Towards a Global Village 

Back in 1971, Lithuanian-born artist Aleksandra Kasuba imagined Global Village. Featuring a gym and a pool, but also a library, a theater and even a storey entirely dedicated to plants, the bubble shaped building was designed to accommodate students and stimulate social interactions and self-government.


While the spherical shape encouraged collaboration and participation, the whole concept behind Global Village actually went far beyond the form itself as it rested upon a strong participatory system - including the election of annual representatives and open forums - in which students/residents were asked to take an active part so that “most would grasp the value of cooperation, commitment, and tolerance”.

“The concept of the Global Village is rooted in my experience of the Second World War”, underlines Kasuba*, who was only 16 when the Soviet army invaded Lithuania in 1939. An invasion that was followed by many years of instability during which Lithuania ended up successively in the hands of the Nazis and the Soviets. Displaced as refugees from one United Nations camp to the other, Kasuba, her husband and their baby daughter finally arrived in New York in 1947, but it was only in the early 1950s that they discovered the horror of the Holocaust through archive footage.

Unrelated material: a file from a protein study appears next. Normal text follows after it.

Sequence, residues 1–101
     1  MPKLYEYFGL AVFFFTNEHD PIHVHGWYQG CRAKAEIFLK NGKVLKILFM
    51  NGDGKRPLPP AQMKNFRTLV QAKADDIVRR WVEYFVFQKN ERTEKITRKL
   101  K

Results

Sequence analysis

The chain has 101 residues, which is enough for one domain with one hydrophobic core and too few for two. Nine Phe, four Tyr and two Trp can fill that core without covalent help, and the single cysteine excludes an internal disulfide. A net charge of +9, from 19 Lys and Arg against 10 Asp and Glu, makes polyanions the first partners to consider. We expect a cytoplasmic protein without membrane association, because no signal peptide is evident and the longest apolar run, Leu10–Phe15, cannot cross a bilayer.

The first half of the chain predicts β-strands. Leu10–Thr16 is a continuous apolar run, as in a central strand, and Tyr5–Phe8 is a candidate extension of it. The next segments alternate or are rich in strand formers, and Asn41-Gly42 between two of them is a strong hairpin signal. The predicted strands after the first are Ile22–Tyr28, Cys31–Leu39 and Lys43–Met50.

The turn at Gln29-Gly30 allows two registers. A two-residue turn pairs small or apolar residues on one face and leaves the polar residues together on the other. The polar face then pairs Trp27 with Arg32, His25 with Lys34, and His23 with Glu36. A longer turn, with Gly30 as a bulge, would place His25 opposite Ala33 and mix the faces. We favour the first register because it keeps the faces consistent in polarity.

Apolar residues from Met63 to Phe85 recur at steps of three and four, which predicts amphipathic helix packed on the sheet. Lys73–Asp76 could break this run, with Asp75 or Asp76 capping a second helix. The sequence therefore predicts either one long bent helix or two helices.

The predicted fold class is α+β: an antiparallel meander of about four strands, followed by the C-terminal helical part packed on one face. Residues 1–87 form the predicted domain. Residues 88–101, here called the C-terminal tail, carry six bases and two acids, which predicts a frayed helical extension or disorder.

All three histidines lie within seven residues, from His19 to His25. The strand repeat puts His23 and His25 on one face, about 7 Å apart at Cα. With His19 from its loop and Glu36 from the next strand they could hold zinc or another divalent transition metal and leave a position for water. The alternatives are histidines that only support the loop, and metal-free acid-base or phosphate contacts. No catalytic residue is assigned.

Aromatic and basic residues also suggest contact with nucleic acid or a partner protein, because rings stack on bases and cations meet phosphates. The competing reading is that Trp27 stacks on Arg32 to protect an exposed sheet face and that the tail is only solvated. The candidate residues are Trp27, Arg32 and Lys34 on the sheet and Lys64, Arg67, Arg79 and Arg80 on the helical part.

Many years later, in 1971, as she followed the uprising of the Attica prisoners on TV - an event that “pulled the nightmarish war experiences back into focus” - Aleksandra Kasuba started organising her “onslaught of thoughts” which were to become the Global Village. “I had to build a model - to establish the basic structural elements and see the spaces that might provide that nebulous sense of freedom”, explains the artist. “The idea demanded scale, as I focused not on personal human relationships, but on how to integrate private and public spaces to keep a sense of freedom in places designed to deprive individuals of it - in a society where dehumanization was the punishment and intimidation the means to control the inmates.”


Strong of her project Live-in Environment - a 1:1 lightweight structure developed in 1971 in her New York apartment aimed at “abolishing 90 degree angles” - and “with Buckminster Fuller’s geodesic domes and communal living hot at the time, there was no lack of ideas to shape my vision”, emphasises Kasuba.

Interested in Aleksandra Kasuba's work?
Check our article about Whiz Bang Quick City!


Image courtesy of Aleksandra Kasuba

*Quoted texts from email exchanges between The Offbeats and Aleksandra Kasuba in August 2017

Published: 11 Oct. 2017

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